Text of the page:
I met Utpal more than four years ago. He was just a kid then, so young, so full of energy, and so clearly standing upon unstable feet. Like me, Utpal was living with the founder of Project WHY; we had both been taken in. Anou, Project WHY, and his boarding school have had shared guardianship of Utpal for most of his life and when he isn’t in boarding school he lives with Anou in her home, as her family. When I first met Utpal, he was like a mouse that lived in the house- everyone knew he was there but nobody ever saw him. The only proof of his existence was the missing food in the morning.
Typical of Indian schools is to assign massive amounts of homework during holidays so I would spend my evenings with Utpal chipping away at his pile of work. I dreaded these hours almost as much as Utpal himself did; we would both dispassionately paste photos of global warming into collages and draw maps of India or write short English essays until our heads wanted to explode and my voice was hoarse from yelling over the bad Hindi cartoons playing in the background. I think we both grew to resent each other a little bit, but we always recovered with a trip to the park or to the carnival rides outside of the Kalkaji Mandir.
I must admit to feeling nostalgic about these moments now; I haven’t been asked to help with homework this year. Instead, I’ve been invited to the movies or he has invited himself to Center visits I’ve done. I was surprised but elated when Utpal asked to go to the Women’s Center and then to the Yamuna Center with me and a group of donors. I’d never seen him willingly engage with new people for more than an obligatory introduction. I found myself spending much more time observing Utpal than the Centers. I was awed by his maturity, composure, and self-possession. He eagerly played with the students, teased me for already gaining weight from excess kachoris and baingan bharta, gently corrected my Hindi, spoke articulately to the donors, and like every good 15-year-old, insisted on using my phone for selfies. He looked out for me as a big brother would, telling me little stories about the kids or his visit to Project WHY with his boarding school; he made sure I tried everything and urged me to pump the water- although, I think his motives were a little questionable as he found watching me just hilarious. What I learned from my day was that Utpal has found confidence, in himself and in this world.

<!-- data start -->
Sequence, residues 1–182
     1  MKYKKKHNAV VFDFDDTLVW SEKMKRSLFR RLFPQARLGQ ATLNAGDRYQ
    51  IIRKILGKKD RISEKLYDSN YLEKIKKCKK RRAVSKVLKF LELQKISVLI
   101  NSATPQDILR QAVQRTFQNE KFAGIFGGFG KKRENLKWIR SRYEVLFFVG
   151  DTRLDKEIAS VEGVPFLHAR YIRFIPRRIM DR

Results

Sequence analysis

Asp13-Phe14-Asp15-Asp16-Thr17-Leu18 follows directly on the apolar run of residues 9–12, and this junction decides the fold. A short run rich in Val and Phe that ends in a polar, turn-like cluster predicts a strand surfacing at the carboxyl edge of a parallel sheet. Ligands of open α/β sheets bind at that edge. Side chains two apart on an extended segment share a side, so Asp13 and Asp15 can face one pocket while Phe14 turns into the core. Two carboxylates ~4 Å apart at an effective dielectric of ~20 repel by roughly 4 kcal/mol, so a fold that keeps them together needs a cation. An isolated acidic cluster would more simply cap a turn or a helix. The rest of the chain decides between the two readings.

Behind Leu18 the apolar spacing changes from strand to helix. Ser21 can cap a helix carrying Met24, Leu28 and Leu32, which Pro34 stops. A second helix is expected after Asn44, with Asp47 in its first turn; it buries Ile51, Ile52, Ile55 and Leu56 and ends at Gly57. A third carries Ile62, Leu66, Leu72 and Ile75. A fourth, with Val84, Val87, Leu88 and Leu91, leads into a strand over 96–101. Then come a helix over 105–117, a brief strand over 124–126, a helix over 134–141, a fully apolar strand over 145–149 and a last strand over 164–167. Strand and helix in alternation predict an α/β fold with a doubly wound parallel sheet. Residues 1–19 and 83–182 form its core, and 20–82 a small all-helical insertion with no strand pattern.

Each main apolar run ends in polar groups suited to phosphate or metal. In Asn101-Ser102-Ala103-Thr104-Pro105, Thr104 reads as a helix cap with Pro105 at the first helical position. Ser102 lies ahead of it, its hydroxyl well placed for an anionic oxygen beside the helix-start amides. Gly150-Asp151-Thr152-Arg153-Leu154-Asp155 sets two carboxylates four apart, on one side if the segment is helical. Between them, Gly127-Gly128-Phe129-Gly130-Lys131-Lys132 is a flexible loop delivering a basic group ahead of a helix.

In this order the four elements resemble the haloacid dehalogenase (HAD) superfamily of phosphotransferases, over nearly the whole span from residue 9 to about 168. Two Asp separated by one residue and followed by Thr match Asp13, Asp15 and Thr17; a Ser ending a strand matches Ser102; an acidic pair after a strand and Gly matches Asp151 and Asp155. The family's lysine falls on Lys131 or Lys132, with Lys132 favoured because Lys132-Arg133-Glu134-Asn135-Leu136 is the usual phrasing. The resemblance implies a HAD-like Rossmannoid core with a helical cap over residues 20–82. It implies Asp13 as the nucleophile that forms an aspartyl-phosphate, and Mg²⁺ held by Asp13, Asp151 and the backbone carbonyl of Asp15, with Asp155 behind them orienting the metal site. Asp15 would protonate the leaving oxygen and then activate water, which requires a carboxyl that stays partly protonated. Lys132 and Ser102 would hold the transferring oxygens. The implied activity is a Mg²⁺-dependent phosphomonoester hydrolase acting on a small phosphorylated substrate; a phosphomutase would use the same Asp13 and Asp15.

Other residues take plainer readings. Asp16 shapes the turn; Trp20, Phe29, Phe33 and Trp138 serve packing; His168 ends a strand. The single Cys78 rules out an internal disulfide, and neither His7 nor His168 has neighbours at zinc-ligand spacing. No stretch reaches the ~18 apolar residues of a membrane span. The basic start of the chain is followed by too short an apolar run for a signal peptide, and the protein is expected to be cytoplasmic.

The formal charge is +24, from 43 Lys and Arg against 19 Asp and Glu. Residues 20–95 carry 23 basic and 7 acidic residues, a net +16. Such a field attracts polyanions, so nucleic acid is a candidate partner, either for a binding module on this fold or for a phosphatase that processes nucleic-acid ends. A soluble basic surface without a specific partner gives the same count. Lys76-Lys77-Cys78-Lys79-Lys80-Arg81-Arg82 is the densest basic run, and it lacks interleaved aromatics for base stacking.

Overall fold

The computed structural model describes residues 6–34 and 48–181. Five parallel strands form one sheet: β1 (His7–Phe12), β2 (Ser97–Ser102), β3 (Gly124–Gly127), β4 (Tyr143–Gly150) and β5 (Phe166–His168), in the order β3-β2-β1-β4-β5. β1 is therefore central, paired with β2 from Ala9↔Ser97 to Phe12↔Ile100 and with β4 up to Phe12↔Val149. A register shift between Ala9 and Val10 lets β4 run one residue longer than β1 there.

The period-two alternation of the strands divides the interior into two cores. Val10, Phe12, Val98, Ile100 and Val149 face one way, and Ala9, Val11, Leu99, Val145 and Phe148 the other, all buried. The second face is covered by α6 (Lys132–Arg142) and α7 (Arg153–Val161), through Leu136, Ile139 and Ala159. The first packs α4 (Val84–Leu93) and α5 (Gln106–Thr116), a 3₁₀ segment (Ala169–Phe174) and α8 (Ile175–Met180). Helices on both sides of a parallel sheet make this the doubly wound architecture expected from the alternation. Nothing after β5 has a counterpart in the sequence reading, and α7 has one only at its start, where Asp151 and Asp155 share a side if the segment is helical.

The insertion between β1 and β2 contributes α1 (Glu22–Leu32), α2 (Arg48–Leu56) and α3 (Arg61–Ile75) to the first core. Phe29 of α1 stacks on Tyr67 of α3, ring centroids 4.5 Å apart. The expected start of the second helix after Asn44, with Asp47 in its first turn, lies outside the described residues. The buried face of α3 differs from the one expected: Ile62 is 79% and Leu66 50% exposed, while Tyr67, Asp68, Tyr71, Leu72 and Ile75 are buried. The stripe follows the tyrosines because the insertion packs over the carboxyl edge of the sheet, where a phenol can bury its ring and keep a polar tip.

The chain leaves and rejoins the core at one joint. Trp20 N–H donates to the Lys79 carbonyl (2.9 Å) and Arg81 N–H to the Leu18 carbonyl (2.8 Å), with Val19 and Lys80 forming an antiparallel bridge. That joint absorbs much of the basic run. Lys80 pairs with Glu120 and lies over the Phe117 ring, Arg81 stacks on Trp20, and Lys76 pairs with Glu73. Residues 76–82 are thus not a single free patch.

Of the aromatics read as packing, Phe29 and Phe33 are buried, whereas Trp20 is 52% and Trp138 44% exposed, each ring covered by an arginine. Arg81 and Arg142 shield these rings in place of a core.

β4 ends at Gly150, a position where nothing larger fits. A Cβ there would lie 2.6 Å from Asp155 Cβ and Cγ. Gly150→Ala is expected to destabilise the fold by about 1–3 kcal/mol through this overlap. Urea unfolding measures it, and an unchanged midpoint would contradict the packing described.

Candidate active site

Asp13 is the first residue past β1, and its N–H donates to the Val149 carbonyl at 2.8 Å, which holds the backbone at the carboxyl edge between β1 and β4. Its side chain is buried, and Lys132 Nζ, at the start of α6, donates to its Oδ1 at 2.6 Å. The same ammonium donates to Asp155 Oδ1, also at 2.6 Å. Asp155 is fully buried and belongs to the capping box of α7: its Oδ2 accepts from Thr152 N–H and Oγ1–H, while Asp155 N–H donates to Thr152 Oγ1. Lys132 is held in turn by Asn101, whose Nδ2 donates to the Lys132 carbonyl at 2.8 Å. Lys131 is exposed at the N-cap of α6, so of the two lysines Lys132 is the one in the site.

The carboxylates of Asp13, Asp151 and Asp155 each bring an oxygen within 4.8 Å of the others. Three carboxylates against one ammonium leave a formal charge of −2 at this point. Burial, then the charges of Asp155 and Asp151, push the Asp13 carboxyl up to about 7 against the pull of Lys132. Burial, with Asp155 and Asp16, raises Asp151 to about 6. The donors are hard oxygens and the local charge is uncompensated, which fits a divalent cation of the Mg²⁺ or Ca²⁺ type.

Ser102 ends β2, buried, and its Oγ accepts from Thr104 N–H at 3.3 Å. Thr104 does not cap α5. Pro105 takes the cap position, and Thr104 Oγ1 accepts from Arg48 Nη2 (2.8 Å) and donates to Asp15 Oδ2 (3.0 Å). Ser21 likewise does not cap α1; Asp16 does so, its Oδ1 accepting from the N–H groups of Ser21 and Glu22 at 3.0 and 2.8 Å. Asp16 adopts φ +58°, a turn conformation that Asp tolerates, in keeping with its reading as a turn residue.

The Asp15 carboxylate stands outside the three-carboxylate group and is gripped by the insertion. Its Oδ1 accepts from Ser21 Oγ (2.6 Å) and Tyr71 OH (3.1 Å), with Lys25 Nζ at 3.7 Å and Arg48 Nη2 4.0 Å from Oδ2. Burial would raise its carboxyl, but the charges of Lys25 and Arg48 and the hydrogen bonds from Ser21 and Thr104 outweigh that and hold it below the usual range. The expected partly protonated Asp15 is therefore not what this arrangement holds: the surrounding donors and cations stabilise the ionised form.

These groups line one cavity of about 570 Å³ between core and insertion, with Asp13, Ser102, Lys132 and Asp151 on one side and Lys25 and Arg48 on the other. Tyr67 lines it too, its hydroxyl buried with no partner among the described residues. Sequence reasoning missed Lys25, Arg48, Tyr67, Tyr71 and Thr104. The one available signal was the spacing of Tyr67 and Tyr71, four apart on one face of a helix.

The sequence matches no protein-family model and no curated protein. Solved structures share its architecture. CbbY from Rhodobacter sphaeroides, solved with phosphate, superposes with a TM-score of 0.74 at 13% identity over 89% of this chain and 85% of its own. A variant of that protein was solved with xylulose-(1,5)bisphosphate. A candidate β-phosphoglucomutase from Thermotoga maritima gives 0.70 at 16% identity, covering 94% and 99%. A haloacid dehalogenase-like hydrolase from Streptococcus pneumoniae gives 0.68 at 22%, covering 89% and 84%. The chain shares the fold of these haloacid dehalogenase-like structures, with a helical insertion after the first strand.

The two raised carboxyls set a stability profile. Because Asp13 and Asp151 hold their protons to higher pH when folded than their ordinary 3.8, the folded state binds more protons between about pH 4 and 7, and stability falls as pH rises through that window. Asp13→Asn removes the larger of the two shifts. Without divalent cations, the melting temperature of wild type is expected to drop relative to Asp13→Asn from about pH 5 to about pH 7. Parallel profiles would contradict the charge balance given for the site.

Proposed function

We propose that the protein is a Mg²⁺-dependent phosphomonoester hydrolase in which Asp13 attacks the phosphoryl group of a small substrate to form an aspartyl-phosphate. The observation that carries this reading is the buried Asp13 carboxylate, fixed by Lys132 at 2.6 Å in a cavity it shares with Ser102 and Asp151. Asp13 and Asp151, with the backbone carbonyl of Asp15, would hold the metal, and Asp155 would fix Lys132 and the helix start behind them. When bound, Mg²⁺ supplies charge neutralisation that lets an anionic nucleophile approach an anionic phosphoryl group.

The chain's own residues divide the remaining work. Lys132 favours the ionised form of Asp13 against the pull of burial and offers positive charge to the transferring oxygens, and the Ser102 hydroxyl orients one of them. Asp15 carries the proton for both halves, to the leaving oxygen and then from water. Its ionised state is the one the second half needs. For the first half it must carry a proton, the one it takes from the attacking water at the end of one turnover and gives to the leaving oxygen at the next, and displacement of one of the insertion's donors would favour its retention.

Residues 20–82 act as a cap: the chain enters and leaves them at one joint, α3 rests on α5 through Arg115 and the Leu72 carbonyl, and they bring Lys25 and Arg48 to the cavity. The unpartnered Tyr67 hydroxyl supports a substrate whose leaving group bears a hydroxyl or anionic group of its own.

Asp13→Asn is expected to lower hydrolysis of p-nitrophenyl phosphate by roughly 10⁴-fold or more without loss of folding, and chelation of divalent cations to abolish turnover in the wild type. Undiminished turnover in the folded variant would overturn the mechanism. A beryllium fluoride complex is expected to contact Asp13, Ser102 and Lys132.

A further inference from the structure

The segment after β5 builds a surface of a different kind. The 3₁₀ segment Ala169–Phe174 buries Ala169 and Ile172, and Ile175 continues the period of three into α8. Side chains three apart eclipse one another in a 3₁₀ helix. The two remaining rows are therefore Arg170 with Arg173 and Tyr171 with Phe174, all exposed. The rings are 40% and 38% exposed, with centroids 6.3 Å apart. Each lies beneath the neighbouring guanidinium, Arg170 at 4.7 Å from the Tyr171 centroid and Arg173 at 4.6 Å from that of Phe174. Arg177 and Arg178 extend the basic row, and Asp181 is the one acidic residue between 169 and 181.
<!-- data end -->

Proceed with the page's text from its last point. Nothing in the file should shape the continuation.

Utpal has always done well in school. He is incredibly intelligent, but that comes easily to him. What he has managed to achieve in the four years since I’ve met him is far more difficult. I am so proud of the person he is becoming, and although my place in his life is a small one, I cling to the connection. Utpal was just a kid when we met but so was I; we’ve both grown up and learned to walk on stable ground. And I think we both have Project WHY to thank for that.
For more on Utpal's story you can get Anou's book, Dear Popples: love letters from an unlikely mother, here.